Michael McHugh’s ‘Swimming in the Clouds’ on show at the Town Hall Gallery in Melbourne

Michael McHugh has completed his largest work to date, at six meters in length and two meters high. This huge painting is titled ‘Swimming in the Clouds’ and is a celebration of colour within nature, as plant forms float away and down throughout the canopy.

Showcased at the Hawthorn Arts Centre, the exhibition emphasises the urgent need for climate action. 

McHugh’s art practice takes various forms, manipulating the plant shapes to explore the rich diversity of our natural environment. 

“Drawing underpins all my work and I am constantly reworking shapes and compositions and redrawing to get to the final stage of the painting.” said McHugh. 

“Most of my drawing comes from the field – from walks and trips away and from taking photos of patterns, colours and plant forms that I think I may use at some stage for future work. Some drawings start by looking at plant shapes that are extinct, while other varieties may hold a nucleus from DNA found centuries ago. No one plant ever makes it through to a final painting without being manipulated and enhanced in some way.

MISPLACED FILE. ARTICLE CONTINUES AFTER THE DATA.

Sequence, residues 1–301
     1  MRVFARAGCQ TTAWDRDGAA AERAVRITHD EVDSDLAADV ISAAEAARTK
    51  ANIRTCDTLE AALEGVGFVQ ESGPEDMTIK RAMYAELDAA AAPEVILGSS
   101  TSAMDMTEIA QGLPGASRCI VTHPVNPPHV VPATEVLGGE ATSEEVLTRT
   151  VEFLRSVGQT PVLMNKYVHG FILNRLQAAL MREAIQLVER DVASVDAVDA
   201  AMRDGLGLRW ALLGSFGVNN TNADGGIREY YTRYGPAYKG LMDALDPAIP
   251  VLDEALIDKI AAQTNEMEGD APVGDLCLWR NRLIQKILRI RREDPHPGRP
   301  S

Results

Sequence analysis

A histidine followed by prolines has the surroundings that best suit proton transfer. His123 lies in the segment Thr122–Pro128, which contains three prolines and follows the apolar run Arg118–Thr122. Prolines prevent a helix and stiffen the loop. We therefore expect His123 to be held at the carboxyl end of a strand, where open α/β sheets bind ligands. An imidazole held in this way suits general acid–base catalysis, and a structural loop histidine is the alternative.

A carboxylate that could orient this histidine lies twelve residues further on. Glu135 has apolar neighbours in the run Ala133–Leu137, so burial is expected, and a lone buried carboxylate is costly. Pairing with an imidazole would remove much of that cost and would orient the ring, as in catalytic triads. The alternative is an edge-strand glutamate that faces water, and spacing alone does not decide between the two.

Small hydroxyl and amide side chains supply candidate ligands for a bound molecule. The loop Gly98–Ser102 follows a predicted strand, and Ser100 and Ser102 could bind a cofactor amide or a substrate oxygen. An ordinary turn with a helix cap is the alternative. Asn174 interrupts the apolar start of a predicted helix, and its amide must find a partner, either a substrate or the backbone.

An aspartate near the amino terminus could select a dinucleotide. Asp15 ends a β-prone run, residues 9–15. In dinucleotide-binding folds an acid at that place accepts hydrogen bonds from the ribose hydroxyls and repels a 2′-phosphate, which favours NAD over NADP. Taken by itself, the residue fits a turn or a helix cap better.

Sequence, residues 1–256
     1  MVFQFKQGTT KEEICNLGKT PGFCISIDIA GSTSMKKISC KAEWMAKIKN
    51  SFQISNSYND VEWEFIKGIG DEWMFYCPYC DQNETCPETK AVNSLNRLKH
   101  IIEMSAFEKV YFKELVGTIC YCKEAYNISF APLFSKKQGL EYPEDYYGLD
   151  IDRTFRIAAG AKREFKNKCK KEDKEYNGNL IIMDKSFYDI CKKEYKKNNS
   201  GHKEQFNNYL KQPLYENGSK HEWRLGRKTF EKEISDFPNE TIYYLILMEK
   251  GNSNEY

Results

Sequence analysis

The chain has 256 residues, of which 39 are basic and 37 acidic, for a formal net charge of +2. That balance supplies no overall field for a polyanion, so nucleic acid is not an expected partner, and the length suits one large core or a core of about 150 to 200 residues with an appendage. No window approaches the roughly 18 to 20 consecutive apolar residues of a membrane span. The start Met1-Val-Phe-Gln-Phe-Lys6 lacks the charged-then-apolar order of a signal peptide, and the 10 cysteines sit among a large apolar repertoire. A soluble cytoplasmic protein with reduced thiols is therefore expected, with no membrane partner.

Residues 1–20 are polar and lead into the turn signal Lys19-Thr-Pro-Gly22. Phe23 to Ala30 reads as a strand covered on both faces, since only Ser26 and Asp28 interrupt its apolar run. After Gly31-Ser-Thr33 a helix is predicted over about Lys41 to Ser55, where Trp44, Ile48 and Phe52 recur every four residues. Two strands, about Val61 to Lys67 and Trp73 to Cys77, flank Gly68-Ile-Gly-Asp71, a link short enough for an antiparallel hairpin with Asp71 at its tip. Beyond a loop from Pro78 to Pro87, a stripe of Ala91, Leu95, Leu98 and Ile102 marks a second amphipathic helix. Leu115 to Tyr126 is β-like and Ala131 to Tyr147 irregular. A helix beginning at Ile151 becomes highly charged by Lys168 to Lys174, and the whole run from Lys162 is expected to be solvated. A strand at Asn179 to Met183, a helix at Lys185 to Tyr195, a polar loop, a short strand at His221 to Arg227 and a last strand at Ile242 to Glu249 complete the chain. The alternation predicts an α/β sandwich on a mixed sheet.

“These reimagined plant forms blooming in a riot of colour invite the viewer to take part in a kaleidoscopic world where they can decide if these plants actually exist or are in fact products of my imagination, creating my own botanical language. I work in acrylic as it dries faster than oils, and allows me to overpaint and add detail while immersed in the process of painting the canvas. I often start with layers of paint for the background colour and cover the entire canvas and then, referencing my drawings, I begin the process of painting in the composition. Once the main shapes are in place with colour, technique and pattern, I begin using macro and micro detail as each plant form transforms and begins to really float across the canvas. From there I look at the finer, smaller forms and connecting pieces that bring each plant form together … perhaps through spinning, whirling vines running throughout the painting.”

Above The Canopy runs until September 24 at the Hawthorn Arts Centre, and entry is free.

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